Table 3 Husband involvement during pregnancy in Debre Berhan town, Ethiopia 2016

Factors associated to husband unaccompanied their wives in ANC follow up

In the binary logistic regression analysis, age of the husband, educational status of the husband, household monthly income, number of pregnancy, the number of live birth children, and husband know where to provide ANC service was significantly associated with husband unaccompanied their wife in ANC follow up. The result from multiple logistic regression analysis revealed that age and educational status of husbands were significantly associated with unaccompanied their wife in ANC follow up. The odds of unaccompanied their wife in ANC follow up among husbands in the age category of 30–39 years were 1.9 times higher (AOR: 1.9; 95%CI: 1.1, 3.2) compared from the age category of 20–29 years. Moreover, the odds of unaccompanied their wife in ANC follow up among husbands educational status of illiterate and primary school and secondary school were 1.8 times (AOR: 1.8; 95%CI: 1.1, 3.1) and 3.1 times (AOR: 3.1; 95%CI: 1.7, 5.7) higher compared to those who had a certificate and above, respectively (Table 4).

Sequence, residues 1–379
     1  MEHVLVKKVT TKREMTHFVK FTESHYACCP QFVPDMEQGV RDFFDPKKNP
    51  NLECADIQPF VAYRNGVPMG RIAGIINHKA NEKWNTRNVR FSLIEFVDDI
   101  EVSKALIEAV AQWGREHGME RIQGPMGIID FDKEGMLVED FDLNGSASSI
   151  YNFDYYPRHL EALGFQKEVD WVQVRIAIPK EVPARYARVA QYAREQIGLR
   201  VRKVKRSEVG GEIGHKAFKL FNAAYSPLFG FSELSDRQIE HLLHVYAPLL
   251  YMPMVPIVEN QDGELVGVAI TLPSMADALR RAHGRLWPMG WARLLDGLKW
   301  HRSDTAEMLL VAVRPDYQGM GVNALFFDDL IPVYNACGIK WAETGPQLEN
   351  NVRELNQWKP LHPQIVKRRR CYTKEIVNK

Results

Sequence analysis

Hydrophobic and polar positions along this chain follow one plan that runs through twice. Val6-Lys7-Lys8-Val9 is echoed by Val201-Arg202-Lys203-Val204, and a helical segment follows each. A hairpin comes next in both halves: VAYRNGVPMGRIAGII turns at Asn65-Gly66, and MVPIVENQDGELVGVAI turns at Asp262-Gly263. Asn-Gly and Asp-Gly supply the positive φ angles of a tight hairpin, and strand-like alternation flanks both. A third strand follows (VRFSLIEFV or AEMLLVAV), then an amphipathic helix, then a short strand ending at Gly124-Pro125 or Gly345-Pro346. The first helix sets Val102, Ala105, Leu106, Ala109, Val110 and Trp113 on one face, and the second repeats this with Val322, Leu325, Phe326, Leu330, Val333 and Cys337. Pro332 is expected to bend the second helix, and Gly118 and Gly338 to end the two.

Table 4 Binary and multiple logistic regression analysis on determinants of husbands unaccompanied their wife in ANC follows up in Debre Berhan town, Ethiopia 2016

Discussion

The Ethiopian government has built into an impressive work through health extension workers to improve utilization of ANC service among pregnant women by increasing husband involvement [18]. But, this effort of the government needs to evaluate though research. Therefore, this research also one indicator of the status of the husband’s involvement in pregnancy service utilization. This study identified that the magnitude of husband involvement in escorting their wife in ANC clinics was 62.2%. This was congruent with the previous study reported in Myanmar (64.8%) [13] and in Ethiopia (50.8%) [19]. However, the finding of this study was higher than the study conducted in Ghana (35%) [16], Nepal (39.3%) [7], Uganda (6.0%) [20], and in Ethiopia (19.7%) [9]. In this study, the variation might be due to the fact that most husbands had good communication with their wife (92.3%), health professionals (88.6%) and had an exposure to mass media like radio (84%) and television (92.1%) which lead them to have a good understanding of the importance of involvement during ANC follow-ups. This study was conducted near (130 km) the capital city of Ethiopia and rapidly growing town these have great contribution on the increment of husband involvement on ANC follow up because living in an urban or near to it had access to maternal and child health services.